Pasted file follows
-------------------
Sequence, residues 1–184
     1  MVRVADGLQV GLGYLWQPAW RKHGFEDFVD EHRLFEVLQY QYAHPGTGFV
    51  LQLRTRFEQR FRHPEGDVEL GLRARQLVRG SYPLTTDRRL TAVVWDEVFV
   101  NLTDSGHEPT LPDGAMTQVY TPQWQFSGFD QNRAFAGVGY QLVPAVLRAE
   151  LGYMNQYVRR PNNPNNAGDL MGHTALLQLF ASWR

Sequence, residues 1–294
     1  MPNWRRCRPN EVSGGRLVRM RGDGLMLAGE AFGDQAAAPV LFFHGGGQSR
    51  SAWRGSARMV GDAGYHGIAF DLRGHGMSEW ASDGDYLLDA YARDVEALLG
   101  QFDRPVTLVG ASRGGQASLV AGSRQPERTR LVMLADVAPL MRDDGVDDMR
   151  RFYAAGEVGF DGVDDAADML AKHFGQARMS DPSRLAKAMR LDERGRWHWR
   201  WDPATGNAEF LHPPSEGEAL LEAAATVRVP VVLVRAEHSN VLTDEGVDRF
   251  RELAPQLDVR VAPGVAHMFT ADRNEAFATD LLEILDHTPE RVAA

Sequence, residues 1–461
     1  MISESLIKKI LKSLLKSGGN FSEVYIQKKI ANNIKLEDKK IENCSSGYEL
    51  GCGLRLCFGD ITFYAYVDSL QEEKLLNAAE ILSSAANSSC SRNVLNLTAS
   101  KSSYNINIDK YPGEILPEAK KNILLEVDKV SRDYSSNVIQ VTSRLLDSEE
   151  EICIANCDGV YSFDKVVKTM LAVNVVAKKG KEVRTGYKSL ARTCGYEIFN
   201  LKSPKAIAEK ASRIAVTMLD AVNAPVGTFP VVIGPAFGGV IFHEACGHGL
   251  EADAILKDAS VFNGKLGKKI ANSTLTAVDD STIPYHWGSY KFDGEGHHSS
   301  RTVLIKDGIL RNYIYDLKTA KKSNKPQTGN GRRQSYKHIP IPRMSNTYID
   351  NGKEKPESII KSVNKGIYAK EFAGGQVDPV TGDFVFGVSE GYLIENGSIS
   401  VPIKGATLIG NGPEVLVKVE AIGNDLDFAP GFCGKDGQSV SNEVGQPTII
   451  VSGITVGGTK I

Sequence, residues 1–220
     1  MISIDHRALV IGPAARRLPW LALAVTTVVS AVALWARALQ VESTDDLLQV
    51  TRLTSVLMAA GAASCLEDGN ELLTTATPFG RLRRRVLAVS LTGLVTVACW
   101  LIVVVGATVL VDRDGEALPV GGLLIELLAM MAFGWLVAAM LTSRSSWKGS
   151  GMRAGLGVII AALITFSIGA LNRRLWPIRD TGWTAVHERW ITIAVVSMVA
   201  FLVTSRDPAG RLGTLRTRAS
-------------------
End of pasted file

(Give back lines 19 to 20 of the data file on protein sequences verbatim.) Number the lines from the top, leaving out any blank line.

   251  EADAILKDAS VFNGKLGKKI ANSTLTAVDD STIPYHWGSY KFDGEGHHSS
   301  RTVLIKDGIL RNYIYDLKTA KKSNKPQTGN GRRQSYKHIP IPRMSNTYID